Recently, the Well Done Marketing Web Development Team welcomed Kim Coles. If you haven’t read about her—and you totally should—she’s coming in as Well Done’s UX/UI designer. To say that we’re excited about having her here would be a bit of an understatement. 

Bringing a skilled designer and illustrator with experience in the UX/UI space is a huge win for our team—and for every single user of the websites and digital strategies that Well Done puts together. But before we talk about that, let’s talk about what UX/UI is in the first place. 

What is UI?

UI is the easier of the two to comprehend, so we’ll start there. It stands for “user interface,” or “the point of human-computer interaction” within a system. Even simple tasks involve several different layers of UI. For example, just by reading this blog on your desktop or laptop you could be using a few different interface systems:

  • Your keyboard
  • Your mouse
  • Your computer’s operating system
  • The browser you’re reading this on
  • The design system of WellDoneMarketing.com

However, if you’re reading this blog on a mobile device, you have a different set of interface systems:

  • Touch screen
  • Your mobile device’s operating system
  • A mobile version of the browser
  • A mobile design of WellDoneMarketing.com

A seasoned UI designer is always thinking about how you’ll be interacting with your computer or mobile device. That means asking questions like: Will you be navigating the pages of the website via text commands? Will you be switching between pages with arrow keys? What about using your mouse and the on-screen cursor to select elements on the page? It’s up to the UI designer to understand their audience so they make the right decisions about all this kind of stuff and much more. 

How About UX?

Where UI is the interface, UX—or “user experience”—comprises the small details that make up that interface. For example: Google.com as whole is the user interface, but the brand colors, logos, menu layouts, and small interactions are the elements that make up the UX. UI and UX are tightly intertwined, but they’re separate things when it comes to design.  

Interaction and Design at the Same Time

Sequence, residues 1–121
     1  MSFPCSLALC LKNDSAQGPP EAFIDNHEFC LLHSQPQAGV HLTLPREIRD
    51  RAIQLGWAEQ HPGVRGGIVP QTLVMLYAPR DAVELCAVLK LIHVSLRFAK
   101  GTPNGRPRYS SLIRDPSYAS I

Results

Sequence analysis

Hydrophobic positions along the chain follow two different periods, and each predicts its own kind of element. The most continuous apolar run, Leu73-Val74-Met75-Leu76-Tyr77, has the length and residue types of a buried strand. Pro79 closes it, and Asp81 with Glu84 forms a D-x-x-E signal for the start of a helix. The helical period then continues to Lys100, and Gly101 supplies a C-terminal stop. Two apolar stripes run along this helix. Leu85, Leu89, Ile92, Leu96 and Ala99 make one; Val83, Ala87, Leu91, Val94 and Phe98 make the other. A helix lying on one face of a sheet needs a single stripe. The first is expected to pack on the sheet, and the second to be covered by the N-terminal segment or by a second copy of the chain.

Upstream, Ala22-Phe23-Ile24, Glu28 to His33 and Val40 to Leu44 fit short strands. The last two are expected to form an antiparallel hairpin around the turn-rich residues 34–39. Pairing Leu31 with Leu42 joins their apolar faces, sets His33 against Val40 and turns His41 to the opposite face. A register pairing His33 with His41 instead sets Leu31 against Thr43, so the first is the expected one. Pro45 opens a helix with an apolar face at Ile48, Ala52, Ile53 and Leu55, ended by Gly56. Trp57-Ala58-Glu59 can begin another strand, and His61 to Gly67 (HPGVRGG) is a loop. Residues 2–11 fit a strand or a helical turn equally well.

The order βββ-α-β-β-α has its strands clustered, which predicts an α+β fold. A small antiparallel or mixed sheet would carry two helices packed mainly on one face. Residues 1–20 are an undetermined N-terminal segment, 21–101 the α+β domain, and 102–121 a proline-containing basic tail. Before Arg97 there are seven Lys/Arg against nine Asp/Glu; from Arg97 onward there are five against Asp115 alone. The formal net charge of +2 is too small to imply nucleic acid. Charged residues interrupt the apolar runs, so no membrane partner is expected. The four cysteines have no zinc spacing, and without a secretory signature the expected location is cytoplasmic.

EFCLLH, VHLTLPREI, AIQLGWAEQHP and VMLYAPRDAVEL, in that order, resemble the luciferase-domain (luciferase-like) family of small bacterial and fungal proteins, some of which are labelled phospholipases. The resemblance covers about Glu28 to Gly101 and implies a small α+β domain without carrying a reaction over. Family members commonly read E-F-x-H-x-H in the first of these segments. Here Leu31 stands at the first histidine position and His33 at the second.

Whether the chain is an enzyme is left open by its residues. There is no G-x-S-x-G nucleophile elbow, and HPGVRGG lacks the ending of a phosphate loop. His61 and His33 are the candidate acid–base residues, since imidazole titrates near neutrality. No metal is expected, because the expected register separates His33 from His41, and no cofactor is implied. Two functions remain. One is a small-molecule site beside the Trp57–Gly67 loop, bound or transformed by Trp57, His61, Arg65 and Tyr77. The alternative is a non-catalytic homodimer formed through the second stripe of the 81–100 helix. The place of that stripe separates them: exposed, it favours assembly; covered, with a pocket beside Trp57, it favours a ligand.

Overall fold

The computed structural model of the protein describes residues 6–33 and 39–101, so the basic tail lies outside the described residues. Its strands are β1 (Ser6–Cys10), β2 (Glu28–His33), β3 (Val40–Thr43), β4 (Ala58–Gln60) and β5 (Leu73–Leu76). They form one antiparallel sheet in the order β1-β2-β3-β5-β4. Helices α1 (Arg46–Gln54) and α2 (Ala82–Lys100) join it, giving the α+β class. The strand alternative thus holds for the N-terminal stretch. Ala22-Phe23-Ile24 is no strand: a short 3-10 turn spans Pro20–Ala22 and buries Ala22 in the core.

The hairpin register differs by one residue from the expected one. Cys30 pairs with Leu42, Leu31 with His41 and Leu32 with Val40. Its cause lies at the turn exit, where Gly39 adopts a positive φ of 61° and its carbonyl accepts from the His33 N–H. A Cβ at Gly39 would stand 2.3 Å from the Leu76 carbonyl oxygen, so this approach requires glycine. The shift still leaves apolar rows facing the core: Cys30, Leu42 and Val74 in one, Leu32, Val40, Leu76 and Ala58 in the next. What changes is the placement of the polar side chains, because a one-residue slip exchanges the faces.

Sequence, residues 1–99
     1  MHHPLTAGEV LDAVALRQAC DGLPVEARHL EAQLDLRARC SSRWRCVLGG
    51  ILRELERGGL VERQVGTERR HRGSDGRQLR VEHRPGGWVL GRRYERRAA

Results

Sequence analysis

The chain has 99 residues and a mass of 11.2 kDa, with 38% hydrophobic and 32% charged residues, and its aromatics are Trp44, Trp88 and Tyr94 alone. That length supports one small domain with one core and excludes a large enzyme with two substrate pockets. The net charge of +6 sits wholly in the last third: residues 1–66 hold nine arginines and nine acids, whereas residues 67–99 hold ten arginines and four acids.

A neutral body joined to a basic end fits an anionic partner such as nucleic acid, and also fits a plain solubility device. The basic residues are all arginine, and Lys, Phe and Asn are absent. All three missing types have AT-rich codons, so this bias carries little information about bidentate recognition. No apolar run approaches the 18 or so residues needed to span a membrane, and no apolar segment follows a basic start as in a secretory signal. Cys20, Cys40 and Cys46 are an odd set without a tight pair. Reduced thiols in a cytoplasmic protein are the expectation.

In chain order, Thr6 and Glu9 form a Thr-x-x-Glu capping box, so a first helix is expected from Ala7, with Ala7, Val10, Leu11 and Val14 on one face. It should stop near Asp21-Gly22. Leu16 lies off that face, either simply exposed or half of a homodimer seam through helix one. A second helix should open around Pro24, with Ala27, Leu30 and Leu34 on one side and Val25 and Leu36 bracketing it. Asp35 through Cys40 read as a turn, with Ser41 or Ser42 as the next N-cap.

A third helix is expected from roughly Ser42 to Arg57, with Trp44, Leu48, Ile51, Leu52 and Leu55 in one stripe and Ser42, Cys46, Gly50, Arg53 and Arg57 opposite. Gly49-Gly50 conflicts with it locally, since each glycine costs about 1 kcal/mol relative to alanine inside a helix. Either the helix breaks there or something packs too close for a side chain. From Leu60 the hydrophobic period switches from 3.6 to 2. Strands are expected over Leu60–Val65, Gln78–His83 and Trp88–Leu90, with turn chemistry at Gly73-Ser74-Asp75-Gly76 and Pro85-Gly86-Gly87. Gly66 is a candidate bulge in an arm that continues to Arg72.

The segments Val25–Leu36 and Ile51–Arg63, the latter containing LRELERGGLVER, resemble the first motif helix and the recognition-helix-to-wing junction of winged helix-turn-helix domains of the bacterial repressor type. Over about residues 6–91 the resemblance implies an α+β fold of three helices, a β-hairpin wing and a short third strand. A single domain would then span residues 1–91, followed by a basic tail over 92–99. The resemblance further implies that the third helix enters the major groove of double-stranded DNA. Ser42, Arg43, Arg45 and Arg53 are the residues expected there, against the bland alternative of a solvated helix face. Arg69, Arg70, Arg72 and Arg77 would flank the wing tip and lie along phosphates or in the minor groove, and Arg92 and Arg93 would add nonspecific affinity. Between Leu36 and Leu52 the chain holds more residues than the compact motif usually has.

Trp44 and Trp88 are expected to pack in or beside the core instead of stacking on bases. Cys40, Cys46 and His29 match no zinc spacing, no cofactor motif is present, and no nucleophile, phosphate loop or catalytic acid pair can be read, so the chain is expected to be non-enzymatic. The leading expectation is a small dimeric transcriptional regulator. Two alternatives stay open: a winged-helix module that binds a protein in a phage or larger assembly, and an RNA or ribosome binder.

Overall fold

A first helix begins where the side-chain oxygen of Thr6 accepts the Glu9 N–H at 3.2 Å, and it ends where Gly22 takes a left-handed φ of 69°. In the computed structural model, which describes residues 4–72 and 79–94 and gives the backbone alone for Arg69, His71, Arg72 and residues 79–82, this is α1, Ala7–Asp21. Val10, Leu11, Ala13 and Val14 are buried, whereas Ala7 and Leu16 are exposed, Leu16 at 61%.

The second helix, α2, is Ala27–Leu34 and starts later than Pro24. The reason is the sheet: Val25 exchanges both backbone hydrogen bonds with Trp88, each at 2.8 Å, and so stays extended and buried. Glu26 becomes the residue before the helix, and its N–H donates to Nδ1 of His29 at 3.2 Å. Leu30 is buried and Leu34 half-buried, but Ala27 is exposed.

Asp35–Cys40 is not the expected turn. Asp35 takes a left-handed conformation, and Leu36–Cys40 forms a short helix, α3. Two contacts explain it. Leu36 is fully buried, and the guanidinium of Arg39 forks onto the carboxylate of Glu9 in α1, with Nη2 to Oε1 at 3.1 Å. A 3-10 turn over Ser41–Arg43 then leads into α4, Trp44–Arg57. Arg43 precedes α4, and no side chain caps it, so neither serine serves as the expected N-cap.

The magic happens when you have someone like Kim whose experience allows the Well Done team to think about our users’ experiences from the earliest stages of web projects. It’s one thing to consider when and where to put a call-to-action button on a page, but Kim’s experience allows us to build our design to react when:

  • A user’s cursor moves onto the button
  • A user’s cursor leaves the button
  • A user clicks the button
    • What the interaction looks like when it’s a successful click
    • What the interaction looks like when it’s an unsuccessful click

How to approach a clickable button is just one small example out of the hundreds that a great UI/UX designer has to think about over the course of a website project. There are also website menus to click through, sign-in pages, share buttons—and the list goes on. 

Designing websites and other interfaces on this level is a skill unto itself, one that creates the immersive and engaging experiences expected by users on today’s web. When you approach a web project with a user experience design mindset, you make it easier—and more likely—for users to interact with content in the way that you want. A well-designed cart checkout system is going to invite more customers to finish their purchases than a cart that they can’t figure out. An interactive web advertisement might catch the attention of potential customers more than simple text on the page. At the end of the day, an early investment in UX and UI really increases the impact of any type of web content by going beyond just the plain content and addressing the accessibility of the content. When content is relevant and well designed, users read more words, watch more videos, fill out more forms, and click more times. 

With Kim joining the Well Done team, we’re bringing to bear a more focused and intentional effort into the UX and UI side of our web projects. She hasn’t been here long, but she’s already lending her expertise on multiple projects in progress. We’ve got big plans for how we can utilize those skills to create more accessible and engaging interactive experiences for our clients and their end users.